Almost 6 decades ago, the “separate but equal” doctrine was declared to be unconstitutional after the landmark case of Brown v. Board of Education (Martin 121) took place. It could seem that this would put an end to segregation and racism in education and other fields of the society’s life.
However, the course of time has demonstrated that the path from “separate but equal” to “united and equal” is quite long and not so simple. The issue of ethnicity and race is still burning for our society, and it gives broad field for work for the national and local powers and educators in terms of decision-making, as well as for scholars in terms of study.
The notion of multiculturalism is not an exception: being at first perceived as the answer for all questions about cultures and their co-existence, nowadays it is also awakens scholars’ hot discussion. Particularly, Ronald Takaki in (2001 3-18) marks that there is the evident hostility and resistance to the concept of multiculturalism in education and other fields.
Takaki provides a neat explanation to this resistance: the white community is afraid of the “non-White majority (12) that is gradually taking shape in the society in the 21th century. As they are eager to stay the majority, says Takaki, they suppress the advancement of multiculturalism ideas in the society and, particularly, in education. Considering the importance of education in forming the personality of future members of our society, this statement is of big significance.
Today we have opportunity to discuss whether the situation has changed during the last 10 years, after Takaki’s publication. Despite the situation with the “resentment” of the white community has changed significantly, there are still many steps left to take on the way to “united and equal”.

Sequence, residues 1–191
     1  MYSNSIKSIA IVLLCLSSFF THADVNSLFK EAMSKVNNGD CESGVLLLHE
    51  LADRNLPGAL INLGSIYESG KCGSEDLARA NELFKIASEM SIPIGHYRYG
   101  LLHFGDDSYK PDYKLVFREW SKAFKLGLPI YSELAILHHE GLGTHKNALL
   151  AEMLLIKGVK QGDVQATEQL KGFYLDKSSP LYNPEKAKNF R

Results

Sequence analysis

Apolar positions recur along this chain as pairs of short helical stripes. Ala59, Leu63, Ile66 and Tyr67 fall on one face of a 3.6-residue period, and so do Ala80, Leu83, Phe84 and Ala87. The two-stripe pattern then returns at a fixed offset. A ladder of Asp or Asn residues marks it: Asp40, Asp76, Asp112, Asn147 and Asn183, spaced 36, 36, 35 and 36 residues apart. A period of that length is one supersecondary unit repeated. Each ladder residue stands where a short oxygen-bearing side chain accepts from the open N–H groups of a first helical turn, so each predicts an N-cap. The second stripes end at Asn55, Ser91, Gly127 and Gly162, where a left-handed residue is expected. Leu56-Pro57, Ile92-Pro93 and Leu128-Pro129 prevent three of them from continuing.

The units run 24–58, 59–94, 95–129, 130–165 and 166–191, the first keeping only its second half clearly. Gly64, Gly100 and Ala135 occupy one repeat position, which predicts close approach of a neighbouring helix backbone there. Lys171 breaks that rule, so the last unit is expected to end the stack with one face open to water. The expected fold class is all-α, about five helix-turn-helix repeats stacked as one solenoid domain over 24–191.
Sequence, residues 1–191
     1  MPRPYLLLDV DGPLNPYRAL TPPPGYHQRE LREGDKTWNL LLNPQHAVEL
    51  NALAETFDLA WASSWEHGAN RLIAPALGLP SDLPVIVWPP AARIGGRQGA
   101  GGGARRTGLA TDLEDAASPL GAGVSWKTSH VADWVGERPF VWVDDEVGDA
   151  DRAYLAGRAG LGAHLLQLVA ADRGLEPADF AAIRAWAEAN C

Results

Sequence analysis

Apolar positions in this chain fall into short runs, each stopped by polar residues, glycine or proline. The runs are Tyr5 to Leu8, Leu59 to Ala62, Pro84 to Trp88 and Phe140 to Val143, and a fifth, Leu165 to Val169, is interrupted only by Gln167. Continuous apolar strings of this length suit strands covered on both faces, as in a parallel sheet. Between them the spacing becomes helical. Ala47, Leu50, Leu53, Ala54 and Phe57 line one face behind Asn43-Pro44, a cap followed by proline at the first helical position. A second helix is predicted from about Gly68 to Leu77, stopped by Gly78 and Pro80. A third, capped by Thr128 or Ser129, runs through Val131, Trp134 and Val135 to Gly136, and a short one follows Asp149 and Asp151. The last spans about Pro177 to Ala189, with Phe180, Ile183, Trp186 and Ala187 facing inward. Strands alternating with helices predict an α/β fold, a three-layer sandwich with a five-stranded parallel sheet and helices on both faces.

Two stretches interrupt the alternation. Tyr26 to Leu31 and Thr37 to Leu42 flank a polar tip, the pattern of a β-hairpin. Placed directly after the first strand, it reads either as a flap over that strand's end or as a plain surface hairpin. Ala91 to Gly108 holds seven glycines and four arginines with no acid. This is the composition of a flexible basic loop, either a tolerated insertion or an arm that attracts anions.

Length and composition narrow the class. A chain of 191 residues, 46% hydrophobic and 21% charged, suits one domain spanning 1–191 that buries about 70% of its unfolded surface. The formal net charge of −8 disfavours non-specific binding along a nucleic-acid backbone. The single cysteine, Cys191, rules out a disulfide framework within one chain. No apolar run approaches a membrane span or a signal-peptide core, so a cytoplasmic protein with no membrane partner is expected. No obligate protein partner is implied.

There is no need to reject the fact that when the “status” of a majority is challenged, it meets the new situation with resistance. We may see numerous examples in history of the USA, as well as the World history. For example, when racial segregation in schools was declared illegal, this was met with resistance by white students and even by the local powers of some states.
We may also think about the history of colonial Africa: in South Africa, Afrikaners and British white colonists were in a perpetual struggle, and the indigenous population was suffering from it (Chazan 469-471); then, when the native South Africans declared their rights and began the struggle for their rights, the white community also strongly resisted to this movement (473-476).
Can we state that these appeals have disappeared today? To some extend, this turns out to be true. The American society is moving towards elimination of racial discrimination and of opposition of ethnical and racial communities. This can be noticed in decision-making fulfilled by the local and national powers, as well as in the field of education.
The courses of Ethnicity Studies are introduced in all educational establishments of the USA. Many people believe that “the diversity of younger generations of Americans will inevitably lead to a more integrated, postracial era” (Rodriguez). However, unfortunately, it is still early to speak about dominance of the concept of multiculturalism in our society.
As many notice, racism in education remains “unconscious” (Samuels) and “unintentional” (Kuznia). Kuznia describes the case when a Latino girl was given an advice by her counselor to enter a college after the school instead of a 4-year university program; the most important is that the counselor’s intentions were good.
Other examples are offered: a teacher remembers white students’ names but does not manage to remember those of Latino students; students of color are asked simpler questions due to the “achievement gap” that gives birth to stereotyping (Kuznia). To improve the situation, it is necessary to direct efforts towards detecting and disclosing the stereotypes and prejudices that exist in the society about races and ethnicities.